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In all cases, Giemsa stain was negative for H pylori. Out of these, 35 cases that were selected were negative for H pylori by IHC. The results are shown in [Table 2] and [Figure 9] and [Figure 10].
|Table 2: Spectrum of lesions in our study and the prevalence of H. pylori|
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|Figure 9: Giemsa stain negative for H. pylori in gallbladder mucosa (H&E 10x)|
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|Figure 10: Immunohistochemistry negative for H. pylori in gallbladder mucosa (10x)|
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| Discussion|| |
Cholecystectomy specimens are one of the most common samples received in the histopathology department; 90% of cholecystectomies were performed for CC, and 10% of cases represented as calculous cholecystitis.
Cholelithiasis can manifest clinically and histologically as a myriad of disorders encompassing acute cholecystitis, CC, metaplasias, hydrops, mucocele, empyema, gallstone ileus, and carcinoma.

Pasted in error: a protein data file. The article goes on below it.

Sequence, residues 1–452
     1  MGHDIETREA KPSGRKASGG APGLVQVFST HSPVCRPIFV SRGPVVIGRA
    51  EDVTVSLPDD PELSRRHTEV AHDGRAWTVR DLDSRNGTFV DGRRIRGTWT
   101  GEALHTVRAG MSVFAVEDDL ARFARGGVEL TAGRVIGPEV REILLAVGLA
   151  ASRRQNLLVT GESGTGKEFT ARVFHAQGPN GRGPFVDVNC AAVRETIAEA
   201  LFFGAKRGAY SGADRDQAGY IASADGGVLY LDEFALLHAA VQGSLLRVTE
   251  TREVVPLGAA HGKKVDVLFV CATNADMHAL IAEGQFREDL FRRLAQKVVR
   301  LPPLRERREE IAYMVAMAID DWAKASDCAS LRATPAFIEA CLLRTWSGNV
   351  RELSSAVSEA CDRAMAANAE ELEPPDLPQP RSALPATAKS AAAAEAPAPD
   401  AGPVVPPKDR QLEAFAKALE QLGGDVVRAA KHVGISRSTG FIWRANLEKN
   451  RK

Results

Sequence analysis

The risk factors for the development of gallstone disease can be categorized as non-modifiable and modifiable. Non-modifiable factors include ethnic background, increasing age, female gender, and family history or genetics; whereas the modifiable ones are obesity, rapid weight loss, and a sedentary lifestyle. Cholecystitis and cholelithiasis appear to be increasing in incidence over the past couple of decades in India and the Western world due to the increased intake of a fatty and high-calorie diet and increased consumption of alcohol. In India, the disease is seven times more common in the North than in South India. Dietary differences in the two regions are suspected to be responsible for the difference in the prevalence rate.,